The reproduction in the encyclopedia was absolutely electrifying to me; every time I looked at it — of course, I stole glimpses of it frequently — I was physically thrilled, for reasons that I could not have articulated, except that the source of my pleasure was clearly the raw physicality of the boxers’ bodies. I was baffled by the appeal of boxing and disturbed by its violence (see Bellows’s comment above), but somehow I desired those men, not as opponents, but as companions, affectionate buddies.

I did realize that my electric attraction to these men — and other grown men, especially in films and then on tv — would probably not play well with the other third-graders and was best concealed. Certainly the other boys (many of whom already ragged on me for being, in their view, girly, a fairy-boy called Arniella) would be merciless, even brutal, in their treatment of me if they knew, as they were with boys who were in fact effeminate.

For a while, I didn’t understand the nature of my attraction, but I soon realized that my desire to kiss the objects of my attraction meant that sex was somehow involved. I doubt that the World Book had an entry on sexuality — it was the 1940s, and the encyclopedia was aimed at children — but the Kinsey volume on male sexuality came out in 1948 and I was soon (by a fluke) able to consult it in the Reading Public Library. There I learned about homosexuality (but apparently lots of guys had sex with both men and women, so fantasizing about men was sort of ok, though nothing you wanted to talk about publicly) and homosexual acts (where I understood the anatomy but didn’t really appreciate, with my own boyish body, how the acts could be so pleasurable that men would go to some lengths to perform them with one another). Then puberty hit me at age 10, and it suddenly was penises all the way, yes, I got it. And it was really something you wouldn’t want to talk about with another boy.

Still, the first powerful trigger for my desires was Bellows’s boxers muscularly, sweatily pounding one another at Sharkey’s.

Finally, for Monet. From Wikipedia, the bare facts

Weeping Willow is a 1918 oil painting by Claude Monet [1840-1926] which depicts a weeping willow tree growing at the edge of his water garden pond in Giverny, France. It is exhibited at the Columbus Museum of Art in Columbus, Ohio.

The painting is one of a series of Monet paintings of this weeping willow.

The garden, of course, became one of Monet’s great subjects. As boxers did for Bellows, and the sphere of the world has for Pomodoro. All of it available on E. Broad St. in Columbus OH.

 

8 Responses to “From the culture desk: images”

  1. eric zwicky Says:

    We’ve had one of the Pomodoro Sfera in Richmond for decades, at the VMFA. In recent years it’s been moved to storage for some reason. It’s always been my favorite thing there… I could stare at it for an hour. Now that you’ve brought it to mind, I will have to ask the museum what’s going on with it.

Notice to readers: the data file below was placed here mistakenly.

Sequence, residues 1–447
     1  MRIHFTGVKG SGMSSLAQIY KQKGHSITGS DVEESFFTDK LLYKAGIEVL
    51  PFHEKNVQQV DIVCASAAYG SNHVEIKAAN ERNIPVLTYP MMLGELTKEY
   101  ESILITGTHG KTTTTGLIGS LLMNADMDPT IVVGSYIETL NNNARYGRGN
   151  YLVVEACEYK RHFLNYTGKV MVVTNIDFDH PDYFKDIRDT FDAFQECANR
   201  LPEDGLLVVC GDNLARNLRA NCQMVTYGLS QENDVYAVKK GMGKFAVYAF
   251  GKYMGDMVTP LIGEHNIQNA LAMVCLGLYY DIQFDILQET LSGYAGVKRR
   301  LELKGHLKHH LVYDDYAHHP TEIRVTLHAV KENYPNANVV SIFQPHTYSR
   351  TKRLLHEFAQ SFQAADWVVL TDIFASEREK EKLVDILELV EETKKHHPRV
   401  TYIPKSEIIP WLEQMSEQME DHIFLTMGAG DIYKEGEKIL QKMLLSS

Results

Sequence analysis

2. eric zwicky Says:

    https://www.vmfa.museum/piction/6027262-110208473/

    • arnold zwicky Says:

      For readers who are hesitant to click on undescribed URLs: this is a (very nicely positioned) photo of the VMFA Rotating Sphere.

      • eric zwicky Says:

        oops, sorry ’bout that!

      • arnold zwicky Says:

        A cute variant: the sphere has a hole through the center of it, which you can see through to the other side and see the scene there (if you’re properly positioned towards the sculpture); that is, it’s topologically not a sphere, but a torus — which is topologically the same as a donut. So if you view the sculpture from a different angle, where you don’t see the hole, the thing looks like a sphere. (That’s like looking at a donut from the side, where you don’t see the hole.)

        Cool. Two, two, two sculptures in one, depending on how you look at it.

  3. Robert Coren Says:

    A somewhat whimsical digression, which I defend as having some possible linguistic interest: The surname “Pomodoro” amuses me somewhat, as I try to estimate the probability of an English-speaking family with the surname “Tomato”. Similarly, I recall more than once seeing (and being amused by) the Italian surname “Malatesta” (“Headache”).

    • arnold zwicky Says:

      It was only by a hair’s breadth that I chose not to digress in this direction myself. On the Italian food surname front, there’s Matthew Calamari (“Squid”), currently in the news because of his long-standing position in the Grabpussy Organization.

      Squid in tomato sauce is delicious, and it could be served on macaroni (Southern Italian surname Maccerone < macceroni 'macaroni').

      • Robert Coren Says:

        And the combination is unlikely to give you a headache, unless you accompany it with too much wine.